(Messuage; a house plus ground around it) Usually commonly used to describe houses built before living memory.
Common in manor rolls and legal documents for large house
Yard and outbuildings of a house
Rented dwelling or land
The terms above are met with frequently in old deeds
A vertical division separating the lights of a window. Very noticeable in Elizabethan buildings
Style of architecture inspired by Andreo Palladio (15l8 - 1580).One of the influences on what we call 'Georgian' architecture and almost synonymous with 'classical
Ornamental plasterwork, especially on timber-framed houses. Suffolk particularly rich in this.
Square projecting base of a column. Alcester church's 18th century examples (1720s) stand out.
External corner stones of a building
A quiet room in an upper storey, often on sunniest side of house.
A projecting ornamental band running round the face of a building.
Ornamental stonework in upper part of Gothic windows. Most of the mediaeval churches in our area have examples.
Space between a lintel and the arch above. A feature particularly of Norman architecture.
An ABC of Building Materials
Square stones applied as facing; often cover irregularly cut ones.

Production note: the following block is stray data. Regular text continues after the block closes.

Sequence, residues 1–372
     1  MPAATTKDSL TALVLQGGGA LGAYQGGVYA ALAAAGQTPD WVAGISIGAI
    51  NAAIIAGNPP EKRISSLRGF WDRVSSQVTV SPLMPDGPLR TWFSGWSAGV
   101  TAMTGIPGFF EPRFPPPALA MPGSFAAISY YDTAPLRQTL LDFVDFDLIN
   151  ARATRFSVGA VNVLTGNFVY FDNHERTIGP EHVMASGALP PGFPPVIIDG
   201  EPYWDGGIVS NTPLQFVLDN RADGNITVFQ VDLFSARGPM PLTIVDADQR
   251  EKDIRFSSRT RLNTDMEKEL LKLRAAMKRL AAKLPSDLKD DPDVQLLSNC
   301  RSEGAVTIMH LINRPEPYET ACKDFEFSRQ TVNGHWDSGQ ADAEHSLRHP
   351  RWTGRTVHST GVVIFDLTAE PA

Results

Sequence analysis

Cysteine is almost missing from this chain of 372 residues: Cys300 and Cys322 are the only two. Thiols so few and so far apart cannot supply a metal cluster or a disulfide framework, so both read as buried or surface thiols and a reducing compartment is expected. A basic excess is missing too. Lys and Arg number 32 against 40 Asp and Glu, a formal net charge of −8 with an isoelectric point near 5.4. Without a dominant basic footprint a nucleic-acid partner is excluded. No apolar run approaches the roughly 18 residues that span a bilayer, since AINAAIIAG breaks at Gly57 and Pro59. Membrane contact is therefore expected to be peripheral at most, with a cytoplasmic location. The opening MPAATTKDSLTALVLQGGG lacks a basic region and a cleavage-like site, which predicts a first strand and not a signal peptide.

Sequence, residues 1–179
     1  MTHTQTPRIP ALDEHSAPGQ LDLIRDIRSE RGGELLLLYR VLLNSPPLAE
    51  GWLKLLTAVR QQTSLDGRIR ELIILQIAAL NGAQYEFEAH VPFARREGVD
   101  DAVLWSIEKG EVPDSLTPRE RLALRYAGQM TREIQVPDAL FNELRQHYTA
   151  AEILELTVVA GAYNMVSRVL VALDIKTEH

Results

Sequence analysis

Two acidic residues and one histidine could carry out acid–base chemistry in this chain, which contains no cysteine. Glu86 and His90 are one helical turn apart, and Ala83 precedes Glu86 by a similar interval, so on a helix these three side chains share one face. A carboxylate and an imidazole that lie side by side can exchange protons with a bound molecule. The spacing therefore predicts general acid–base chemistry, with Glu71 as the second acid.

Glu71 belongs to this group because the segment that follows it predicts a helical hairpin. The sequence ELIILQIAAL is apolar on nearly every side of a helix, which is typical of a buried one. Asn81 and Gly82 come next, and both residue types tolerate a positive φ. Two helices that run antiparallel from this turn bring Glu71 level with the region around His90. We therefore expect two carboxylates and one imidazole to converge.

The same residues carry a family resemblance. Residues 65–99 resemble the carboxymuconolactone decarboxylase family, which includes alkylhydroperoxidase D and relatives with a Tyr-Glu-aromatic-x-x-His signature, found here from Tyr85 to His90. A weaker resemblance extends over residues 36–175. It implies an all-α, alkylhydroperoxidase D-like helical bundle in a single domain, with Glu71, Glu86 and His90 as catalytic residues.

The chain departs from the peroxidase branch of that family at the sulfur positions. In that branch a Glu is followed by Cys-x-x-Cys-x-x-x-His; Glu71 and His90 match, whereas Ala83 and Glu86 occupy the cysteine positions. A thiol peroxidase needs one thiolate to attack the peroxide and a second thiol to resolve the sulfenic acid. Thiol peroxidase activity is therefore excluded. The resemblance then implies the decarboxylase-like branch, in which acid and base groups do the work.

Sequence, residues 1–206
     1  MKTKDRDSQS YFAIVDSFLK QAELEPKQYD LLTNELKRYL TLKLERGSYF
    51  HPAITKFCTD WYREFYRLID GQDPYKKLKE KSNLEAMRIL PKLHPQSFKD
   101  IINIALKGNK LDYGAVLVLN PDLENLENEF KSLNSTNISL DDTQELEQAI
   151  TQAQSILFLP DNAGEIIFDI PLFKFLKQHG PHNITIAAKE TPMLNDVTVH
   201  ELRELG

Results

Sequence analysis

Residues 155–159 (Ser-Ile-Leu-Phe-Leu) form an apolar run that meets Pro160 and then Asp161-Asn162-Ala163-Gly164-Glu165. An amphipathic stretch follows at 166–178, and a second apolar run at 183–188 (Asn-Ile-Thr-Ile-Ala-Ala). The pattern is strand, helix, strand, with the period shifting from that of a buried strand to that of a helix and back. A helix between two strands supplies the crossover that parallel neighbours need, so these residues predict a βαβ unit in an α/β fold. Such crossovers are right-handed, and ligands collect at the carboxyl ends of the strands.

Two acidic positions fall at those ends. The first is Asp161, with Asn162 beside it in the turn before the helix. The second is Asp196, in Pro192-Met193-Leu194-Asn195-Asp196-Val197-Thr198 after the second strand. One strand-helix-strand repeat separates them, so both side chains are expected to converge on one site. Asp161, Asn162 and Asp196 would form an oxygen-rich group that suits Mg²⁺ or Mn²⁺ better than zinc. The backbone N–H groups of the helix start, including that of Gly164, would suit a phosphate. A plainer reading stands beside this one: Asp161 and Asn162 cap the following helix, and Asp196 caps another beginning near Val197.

Brickmaking skills brought to Britain by the Romans but ceased with them. First English bricks about A.D.1200 and flourished at first in eastern counties influenced by the Low Countries. Bricks only occasionally used in our area in 17th century but they were not mass produced until end of 18th.
Comes from heating chalk or limestone. 'Portland Cement' so named from its resemblance to Portland Stone and was patented in early 19th century.
Mixture of clay and straw once used for walls of cottages. Usually whitewashed to protect from the weather. Various cottage examples in our area, normally of one storey.
A mixture of pure silica and sand, lime and soda. Earliest quality glass was brought into Britain from France and Germany. By the 13th century many churches had glass windows but by the 15th century only the very wealthy had them in domestic buildings. There were many substitutes (e.g. horn and lattice work of stone and wood). Sash windows came in at the start of the 18th century but the glass was still blown. Plate glass appeared in England in 1773 but the cheaper sheet glasses not available until 1838 In 1959 came the invention of floating the glass across a 'bath' of liquid tin.
This is limestone found in S.W. England which turns white when exposed to the air. Improved cutting tools in the 17th century made it available over a wider area.
Mainly mined in Cornwall, Wales, Cumberland and parts of Scotland. It varies in colour from Bluish-grey to green, purple-grey. The advent of canals and railways allowed it to be used in non slate areas, particularly in the growing industrial cities.
A rendering of lime, gypsum or cement applied to an outer wall surface for weather protection. Pebble-dash, now out of fashion, is a form of stucco.
Winter 1990 Index
© Alcester & District Local History Society 1990